Switzerland will be getting a new president next year. It’s no big deal. Like New Year’s Day, it happens regularly.
There are no months of open presidential debates and campaigns like those in the United States; there are no years of cat-and-mouse scheming and leaders magically rising up, as happens in South Africa.
The stakes for the top job are just not that high. In fact, the president doesn’t even really have special powers other than chairing the meetings of the Swiss Cabinet, or Swiss Federal Council, which consists of just seven members.
He or she is chosen from the council on an annual, rotational basis according to seniority, and it’s a bit predictable too, ensuring continuity: the vice-president steps up to become president, with the second vice-president stepping into their shoes – and retains their portfolio.
For instance, the incumbent, Simonetta Sommaruga, is also the justice minister.
“Every year a different member is president,” said a Swiss official, “but that doesn’t give you any more powers. He or she chairs the weekly [Federal Council] meeting and therefore has the title of president but, according to the Constitution, isn’t head of state. We don’t have a head of state that is impersoned by one person. If there are visiting heads of state, the president welcomes them, but the seven ministers sit together [to receive them].”
Show of hands
Decisions aren’t taken by the president but by all seven federal councillors, either by consensus or an open show of hands in a closed meeting.
A recent controversial decision came after the 2011 Fukushima Daiichi nuclear disaster in Japan. The seven-member council decided that Switzerland should abandon nuclear power, although no deadline was set. The decision also didn’t happen according to party lines – the Swiss encourage independent thought in their politicians – but apparently pitted the four women members against the three men.
“It shows you the independence they have once elected to Parliament [known as the National Council]. They are independent from the party, because once they are in there [the Federal Council], they debate among themselves. Once they have taken a decision, it is defended by all seven,” the official said.
You are even allowed to defend the opposite of your party’s view, but it may eventually cost you politically.
Unless they resign, federal councillors are pretty much assured of re-election, although there have been four exceptions in the Swiss National Council’s 163-year history, the most recent being in 2007.
A right-wing billionaire from the Swiss People’s Party (SVP), Christoph Blocher, was elected to the Swiss Federal Council in 2003, but was voted off four years later after a string of populist pronouncements and controversies.
With his big mouth and extreme positions, he’s a bit like Switzerland’s Donald Trump or Julius Malema. His Swiss detractors speak of him with embarrassed blushes.
“He had a populist approach and didn’t play according to [Federal Council] rules. He was quite open in his disagreement with decisions, and Parliament didn’t like that, so they didn’t re-elect him,” the official explained.
South Africans, weary of average to bad leaders, might be tempted to look at the Swiss system for solutions, even as the country prepares to sit out the last three-and-a-half years of President Jacob Zuma’s 10-year presidency.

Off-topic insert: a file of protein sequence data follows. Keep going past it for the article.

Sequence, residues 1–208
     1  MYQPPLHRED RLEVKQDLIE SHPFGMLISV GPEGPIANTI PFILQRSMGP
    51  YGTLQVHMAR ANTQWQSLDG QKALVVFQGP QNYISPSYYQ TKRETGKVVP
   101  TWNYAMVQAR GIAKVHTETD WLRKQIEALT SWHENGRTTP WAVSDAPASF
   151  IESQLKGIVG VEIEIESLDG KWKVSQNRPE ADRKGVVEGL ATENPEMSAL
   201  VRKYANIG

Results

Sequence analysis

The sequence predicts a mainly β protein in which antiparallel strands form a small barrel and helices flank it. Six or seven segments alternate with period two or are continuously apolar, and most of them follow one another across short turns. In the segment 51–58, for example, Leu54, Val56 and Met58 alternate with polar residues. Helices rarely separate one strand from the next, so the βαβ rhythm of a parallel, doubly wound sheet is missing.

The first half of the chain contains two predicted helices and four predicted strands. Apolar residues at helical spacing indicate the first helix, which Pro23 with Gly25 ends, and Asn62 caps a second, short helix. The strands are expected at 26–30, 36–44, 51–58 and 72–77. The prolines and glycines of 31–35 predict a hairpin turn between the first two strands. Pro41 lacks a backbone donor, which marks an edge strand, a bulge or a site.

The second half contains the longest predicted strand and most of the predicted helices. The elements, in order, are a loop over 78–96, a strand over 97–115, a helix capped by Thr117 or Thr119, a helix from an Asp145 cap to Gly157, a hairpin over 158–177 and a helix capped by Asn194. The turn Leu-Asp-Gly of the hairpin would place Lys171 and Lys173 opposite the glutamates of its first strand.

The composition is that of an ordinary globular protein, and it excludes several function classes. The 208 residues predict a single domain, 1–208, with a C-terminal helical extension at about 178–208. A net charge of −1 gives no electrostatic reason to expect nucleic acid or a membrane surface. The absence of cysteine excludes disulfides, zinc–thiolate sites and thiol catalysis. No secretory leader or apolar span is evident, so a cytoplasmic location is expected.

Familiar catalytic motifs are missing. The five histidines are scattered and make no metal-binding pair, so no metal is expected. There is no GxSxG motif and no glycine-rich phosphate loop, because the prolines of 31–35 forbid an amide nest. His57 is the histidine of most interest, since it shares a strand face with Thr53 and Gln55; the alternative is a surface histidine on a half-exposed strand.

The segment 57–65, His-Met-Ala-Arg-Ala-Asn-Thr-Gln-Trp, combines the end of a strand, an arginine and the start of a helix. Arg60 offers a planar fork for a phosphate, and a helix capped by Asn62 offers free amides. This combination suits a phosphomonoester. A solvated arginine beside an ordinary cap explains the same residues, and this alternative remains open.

But South Africans are as likely to be able to work such a system as they are to keep to Swiss time. Unlike in South Africa, formal politics in the strongly federal and highly developed European country is pervasive and low-key, but more complicated than the mechanism on an expensive watch.
Elections for the 200 members of the National Council – all part-time – occur every four years, and they in turn elect the Federal Council, which took place this week. After that, there can be more polls and referendums than there are holes in a Swiss cheese – about three to four a year.
The people have the power to call a referendum, provided they can collect enough signatures in 100 days. A topic that has young people talking is next year’s referendum on a possible basic income grant – set to be a staggering 2 000 Swiss francs (almost R30 000) a month, should it be implemented.
Elections aside, would this system work for South Africa?
Political analyst Ebrahim Fakir, of the Electoral Institute for Sustainable Democracy in Africa, said democratic political systems could be divided into two streams.
One approach emphasises competition and confrontation, often leading to internecine social and political conflict that destabilises public institutions. The other, more consensual, approach seeks co-operation.
The Swiss, with their religious and linguistic diversity, have embraced the latter. South Africa is also diverse, but consensus-seeking might not necessarily work here. “We can’t go back on the historical reality in South Africa,” he said.
“There are very deep racialised cleavages in which identity and inequality coincide. The Swiss are racially more homogenous and don’t have a history of colonialism and apartheid.
“But they also have a system which creates order and balance between the power of politicians and the authority of the people, which can frequently either subvert, amend or endorse proposed laws and policy proposed by politicians. This constrains the power of the parties and executive politicians somewhat.”
Fakir added: “The danger with extraordinary popular power is that it can constrain policy mavericks but make concessions to regressive value principles like anti-abortion, anti-gay rights and pro-death penalty sentiments.”
In a country that has seen its share of mediocre government decisions and protests, the idea of a direct democracy and a low-key president with very little power is a temptation sweeter than Toblerone.
Carien du Plessis visited Switzerland as a guest of the Swiss government